>A few more medical travel tips from Doc


Almost the same photo, yes, but my dear Doc is next to me, in the white, w/ beard!

(From the comments, but moved here too: additional info from my dear husband, Doc G, a guest writer here this evening, and a personal favorite of mine!):
A couple of additional points to increase the odds of getting to the end of the trip successfully:
It’s probably not the obvious thing that gets most people, it’s the thing that sneaks under your radar.
Needless to say, only drink bottled water but be sure to check the seal on the bottle.
No seal, don’t drink it. Squeeze the bottle before you break the seal; if it hisses or leaks a little, the seal is broken, don’t drink it.
Avoid drinks with ice; that bit about bottled water cubes — right.
No smoothies or slushies.”I’ll have the fresh squeezed orange juice” gong! pineapple juice, gong!, tomato juice, gong!, lemonade gong!, iced tea gong!!.
Unless you know it comes directly out of a commercial container from which it’s poured in front of you (and then it’s OK), don’t risk the possibility that it’s from concentrate or homemade with water you won’t like later.
Don’t confuse American “healthy eating” with third world foreign country “healthy eating”. Not the same — and it’s only a week or two.
Canned or commercially bottled anything will be fine. Only eat food that is thoroughly cooked. Thoroughly washed is not good enough and in fact may be the source of problems — the contamination may come from the prep area or water itself.
You’re hungry and the waiter brings some tasty little appetizers. You nibble while you scrutinize the menu. Doesn’t matter, you’ve already lost.The main course may be very carefully chosen by you, safe and cooked and then you eat the side or garnish of “that looks interesting” and you’ve possibly just sealed your fate.
“But I like salad, and besides it’s good for you.” Gong!!!”I’m just going to eat healthy” Gong!
Uncooked thin skinned fruits and fresh vegetables (grapes, tomatoes, apples, pears, zucchini, carrots, lettuce etc., etc,) can harbor bacteria under their skin. Even the “good” restaurants are not going to wash them with bottled water. Spam, Oreos, Twinkies and beer will treat you better.
If something comes that you are suspicious of, don’t make a stink or even call attention to it, just leave it alone and congratulate yourself for your vigilance and the fact that you’ve avoided getting sick for only the cost of that item — oh how you’ll long for that deal if you miss it on the first pass!
Take your pepto capsules before everything you eat or as soon after if you forget no matter where you eat.
Ask your PCP for a Ciprofloxacin or Bactrim DS prescription and get it filled to take with you.
One or two doses at the very first sign or even preventively if you suddenly realize what you ate is much easier and more effective than trying to get rid of the problem once established. (Do not get Bactrim if any of you have sulfa allergy — get the cipro)and take 8 pepto capsules per person per day with you plus extras to give to the poor fellow travelers who forgot or didn’t know to bring them. Two capsules before every meal or non commercial snack without exception. (Five of us for 11 days; 55 times 8 equals 440 capsules. They come in 48 capsule bottles, consolidate and put them in everybody’s backpack so you always have them. This is one of the secrets we docs use on medical mission trips.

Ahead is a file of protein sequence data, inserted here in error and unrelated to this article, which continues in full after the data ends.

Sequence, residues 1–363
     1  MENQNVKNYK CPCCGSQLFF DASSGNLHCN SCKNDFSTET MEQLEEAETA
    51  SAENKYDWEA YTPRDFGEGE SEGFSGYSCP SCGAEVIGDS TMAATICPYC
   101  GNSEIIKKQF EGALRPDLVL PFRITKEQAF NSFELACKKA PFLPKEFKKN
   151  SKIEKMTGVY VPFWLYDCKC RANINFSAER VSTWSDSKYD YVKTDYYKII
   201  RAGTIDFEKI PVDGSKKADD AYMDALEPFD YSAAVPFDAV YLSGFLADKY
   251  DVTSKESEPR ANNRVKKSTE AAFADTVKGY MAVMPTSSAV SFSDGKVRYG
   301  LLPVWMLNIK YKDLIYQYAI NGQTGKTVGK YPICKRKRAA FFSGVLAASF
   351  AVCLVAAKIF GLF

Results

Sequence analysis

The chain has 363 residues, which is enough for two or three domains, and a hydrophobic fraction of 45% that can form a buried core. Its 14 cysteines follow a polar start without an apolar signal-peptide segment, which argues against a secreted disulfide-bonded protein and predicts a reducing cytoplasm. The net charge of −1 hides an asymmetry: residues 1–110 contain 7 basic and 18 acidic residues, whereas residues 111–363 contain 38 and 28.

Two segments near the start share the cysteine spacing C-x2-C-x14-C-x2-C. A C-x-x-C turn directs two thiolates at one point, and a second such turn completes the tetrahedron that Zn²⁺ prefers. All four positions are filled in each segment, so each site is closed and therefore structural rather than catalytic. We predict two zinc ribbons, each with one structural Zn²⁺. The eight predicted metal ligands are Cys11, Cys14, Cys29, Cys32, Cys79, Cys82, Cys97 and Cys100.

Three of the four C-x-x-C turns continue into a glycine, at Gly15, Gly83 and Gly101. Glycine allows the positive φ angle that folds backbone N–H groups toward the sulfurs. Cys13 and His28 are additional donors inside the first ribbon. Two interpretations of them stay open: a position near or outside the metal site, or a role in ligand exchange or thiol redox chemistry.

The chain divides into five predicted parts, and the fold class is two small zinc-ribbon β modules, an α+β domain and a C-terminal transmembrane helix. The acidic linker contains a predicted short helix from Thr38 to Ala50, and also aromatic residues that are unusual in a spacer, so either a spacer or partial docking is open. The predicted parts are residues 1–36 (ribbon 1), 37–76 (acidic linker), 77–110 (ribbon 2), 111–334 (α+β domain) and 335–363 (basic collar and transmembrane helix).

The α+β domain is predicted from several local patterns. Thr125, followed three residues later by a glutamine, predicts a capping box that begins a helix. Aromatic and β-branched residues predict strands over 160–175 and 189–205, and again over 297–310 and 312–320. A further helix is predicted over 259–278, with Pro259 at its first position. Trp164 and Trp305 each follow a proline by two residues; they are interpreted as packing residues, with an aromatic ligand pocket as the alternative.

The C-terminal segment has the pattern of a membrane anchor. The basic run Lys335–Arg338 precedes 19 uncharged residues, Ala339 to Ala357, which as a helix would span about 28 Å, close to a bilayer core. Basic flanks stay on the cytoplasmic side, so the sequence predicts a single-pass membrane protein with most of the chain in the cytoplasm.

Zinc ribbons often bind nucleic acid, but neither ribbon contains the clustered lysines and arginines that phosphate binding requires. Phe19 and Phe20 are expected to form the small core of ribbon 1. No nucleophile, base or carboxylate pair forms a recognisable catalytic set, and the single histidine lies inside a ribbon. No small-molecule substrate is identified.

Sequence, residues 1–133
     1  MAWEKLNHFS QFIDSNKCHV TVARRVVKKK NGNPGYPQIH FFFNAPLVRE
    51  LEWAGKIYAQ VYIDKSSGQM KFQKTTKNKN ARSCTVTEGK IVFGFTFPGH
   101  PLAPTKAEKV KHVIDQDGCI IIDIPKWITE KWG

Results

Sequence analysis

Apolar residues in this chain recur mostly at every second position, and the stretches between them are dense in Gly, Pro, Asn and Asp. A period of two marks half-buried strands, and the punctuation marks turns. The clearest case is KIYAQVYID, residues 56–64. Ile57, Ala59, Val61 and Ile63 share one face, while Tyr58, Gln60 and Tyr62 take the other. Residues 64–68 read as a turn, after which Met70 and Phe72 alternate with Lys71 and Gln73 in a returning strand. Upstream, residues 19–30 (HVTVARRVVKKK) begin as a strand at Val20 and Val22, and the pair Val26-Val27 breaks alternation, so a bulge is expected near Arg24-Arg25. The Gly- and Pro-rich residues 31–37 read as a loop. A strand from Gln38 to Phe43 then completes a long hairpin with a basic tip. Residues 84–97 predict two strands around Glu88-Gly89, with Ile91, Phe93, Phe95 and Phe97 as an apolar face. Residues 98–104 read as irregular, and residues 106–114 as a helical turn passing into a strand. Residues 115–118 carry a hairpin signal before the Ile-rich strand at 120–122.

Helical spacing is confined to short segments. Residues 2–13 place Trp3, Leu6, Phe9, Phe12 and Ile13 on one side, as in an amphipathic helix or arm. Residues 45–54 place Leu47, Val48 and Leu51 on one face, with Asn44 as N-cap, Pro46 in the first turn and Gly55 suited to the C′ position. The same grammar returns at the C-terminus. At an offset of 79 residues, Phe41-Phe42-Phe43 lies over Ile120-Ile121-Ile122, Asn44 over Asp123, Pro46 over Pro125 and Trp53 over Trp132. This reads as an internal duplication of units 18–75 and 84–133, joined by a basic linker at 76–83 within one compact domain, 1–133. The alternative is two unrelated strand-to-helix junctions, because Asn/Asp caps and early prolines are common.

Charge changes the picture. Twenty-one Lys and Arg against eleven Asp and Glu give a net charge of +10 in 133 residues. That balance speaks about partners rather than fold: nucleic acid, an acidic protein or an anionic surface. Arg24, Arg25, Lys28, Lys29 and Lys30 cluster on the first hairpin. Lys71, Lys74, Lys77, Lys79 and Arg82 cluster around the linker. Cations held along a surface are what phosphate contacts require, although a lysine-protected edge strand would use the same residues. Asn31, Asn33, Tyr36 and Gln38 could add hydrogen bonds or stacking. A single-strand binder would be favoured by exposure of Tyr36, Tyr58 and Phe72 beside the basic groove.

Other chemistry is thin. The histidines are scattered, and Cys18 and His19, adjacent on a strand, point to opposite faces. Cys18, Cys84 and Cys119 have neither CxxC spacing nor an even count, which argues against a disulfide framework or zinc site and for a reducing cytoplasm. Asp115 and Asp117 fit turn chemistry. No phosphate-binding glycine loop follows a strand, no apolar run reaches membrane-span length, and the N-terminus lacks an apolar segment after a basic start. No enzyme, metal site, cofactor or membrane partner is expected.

Do it and you can just be vigilant not paranoid.
It will be an awesome trip, but you will enjoy and experience very little after the moment you get sick — so, an ounce of prevention.
P.S. Immodium is helpful to decrease the frequency of visits to the bathroom, or if one simply has a sensitive system. However, if you have an intestinal infection you defeat your body’s natural attempt to rid you of it partly by decreasing the volume of bacteria in there, and can make yourself less trips but actually sicker longer.
God Bless! TLG, M.D

5 thoughts on “>A few more medical travel tips from Doc

  1. >Thank you for sharing these tips. I have spent a lot of time trying to decide whether or not I would bring my kids to bring their new sibling home. You broke it down to very doable steps to keep healthy.Jenniferhttp://morganleapoffaith.blogspot.com/

  2. >This is really good advice, though we couldn’t resist all the fresh juices. We drank them every single day, sometimes several times a day. Ironically, the only time we both got sick (at once, so we knew the source) was at that expensive, fancy Italian place the Jolie-Pitts frequented.

  3. >If it really is fresh juice from a thick skinned fruit, like orange juice, which is purely the juice it’ll be fine. Just as eating bananas and oranges bought at the market stands are fine. It’s the concentrates or a fresh pureed thin skin fruit like apple or grape, pear or those mixed with some water (like lemonade would be) that introduce the bigger risk. Each is a risk, not an assurance of illness. but the risk accumulates over time. It’s a little like intestinal russian roulette, you’ll actually be fine most of the time — until there’s an e.coli bullet in the next chamber, and the more times you pull the trigger, the more likely you are to find it.My rough unscientific observation is that about 80% of people fall prey before the end of the trip, many become so ill that from that point on they become incapable of experiencing (in any positive way) the trip, and beauty of Ethiopia and the people, history and culture of their newly adopted child, and many end up leaving the country early, which I am sure, they would have wished wasn’t necessary.God Bless!!TLG, MD


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